There is little debate surrounding the fact that one of the hardest challenges that we face in our adult life is raising children. Not only to feed them nutritious foods and clothe them (that’s hard enough), but raising them to be respectable adults by developing good values, and fostering their interests and giftedness.
Besides safeguarding your child’s health and emotional development, there are many other things we as parents must focus on and instill as they grow up. In today’s society, the challenges parents face often come from factors outside of the home.
Frugal Living and Children
The families that follow the principles of frugal living realize the benefits of the lifestyle — it saves money, it’s often the better choice for the environment, and it allows us to focus on people rather than things. Day one of our Challenge we defined frugality to mean that we should embrace and enjoy what we have. Today, we can also say that frugality is just as much about spending less as it is about making smarter spending decisions.
The journey into frugal living is an incredible one…one not only important for us as adults, but for our children as well.
When one of you’re goals as a parent is to raise your child/children with the value of frugality, it’s can be very discouraging in today’s world. With such a focus on materialism, status, and owning things one can only wonder how these negative influences effect a young child’s mind and heart.
Marketing companies and advertising agencies have made a concerted effort to target children. For example, this article clearly states that food and beverage companies spend nearly $2 billion dollars a year on marketing to children. Billboards, Internet ads, and commercials promoting toys, clothing, food, and a variety of other products have been designed to elevate materialism –teaching children to covet without regard to the financial implications.
Tips to Consider When Raising Frugal Children
- Remember…they’re watching you. Lead by example. As parents we hear this all the time, probably because it’s true. There is nothing that can send a more concrete message to children than your own example. Model a frugal lifestyle and teach them as you go. Let them learn from your mistakes and rejoice together in victories.
- Teach your children all aspects of money management. Money management is not an innate skill! It must be taught. Children need to understand that money doesn’t grow on trees. They must learn the value of money and respect the hard work necessary to earn it. Reducing the impulse buys and expecting our children to earn and save for items is a gift that doesn’t have a price tag.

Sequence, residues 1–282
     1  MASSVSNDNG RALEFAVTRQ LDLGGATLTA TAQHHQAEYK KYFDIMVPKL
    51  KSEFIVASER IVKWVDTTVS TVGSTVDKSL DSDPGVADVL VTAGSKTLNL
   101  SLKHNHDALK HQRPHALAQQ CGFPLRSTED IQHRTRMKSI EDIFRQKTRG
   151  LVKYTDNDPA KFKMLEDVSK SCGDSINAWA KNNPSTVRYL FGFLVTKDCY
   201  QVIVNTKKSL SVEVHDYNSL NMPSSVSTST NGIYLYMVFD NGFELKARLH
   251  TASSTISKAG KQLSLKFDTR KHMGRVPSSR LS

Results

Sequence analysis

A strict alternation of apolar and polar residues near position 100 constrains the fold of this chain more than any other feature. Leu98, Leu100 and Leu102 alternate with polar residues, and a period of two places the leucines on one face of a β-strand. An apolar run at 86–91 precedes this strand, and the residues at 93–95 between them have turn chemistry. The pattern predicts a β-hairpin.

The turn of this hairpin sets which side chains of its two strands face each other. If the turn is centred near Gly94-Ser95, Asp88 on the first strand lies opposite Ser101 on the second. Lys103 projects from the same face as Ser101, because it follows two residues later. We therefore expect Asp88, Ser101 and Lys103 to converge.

- Turn off the TV, computer, and radio. Even our best teachings will be underminded if our children are constantly attacked by the finest marketing strategies designed to hit them where they are. If we limit their exposure to media, children are less prone to crave the hippest, new gadget because they might not even know it exists.
- Set limits on gadgets and electronic game usage. Frugal children must be able to find joy and contentment in simple activities — i.e. playing outside, board/card games, homemade puppet shows, learning to cook…the list could go on.
- Have lots of fun together. Frugal living doesn’t mean boring, or that you have to deprive yourself. By making it as fun as possible, we model for our children exactly why we value this type of lifestyle. As a family, participate in activities that everyone will enjoy. We love to go to the park, hike, play hide and seek, bake cookies, camp — imagine it and you can do it.
- Spend time with like-minded others. I won’t deny that it is difficult to live frugally. Although fiscal responsibility is gaining in popularity (Is that strange to say?), it’s still not mainstream to live frugally. It’s easier for adults, more so than children, to manage the social implications of not having the brightest and the best-est. Surrounding ourselves with other like-minded families, gives children a community of supportive individuals — peers who understand where they’re coming from and “won’t look at them weird” because they don’t have this or that.
Now It’s Your Turn
Daily Goal: Raising frugal children can be a counter-cultural experience, but the rewards are great! List out and share with us the benefits that you’ve seen evidenced in your children. What are your tips for raising children to value frugality?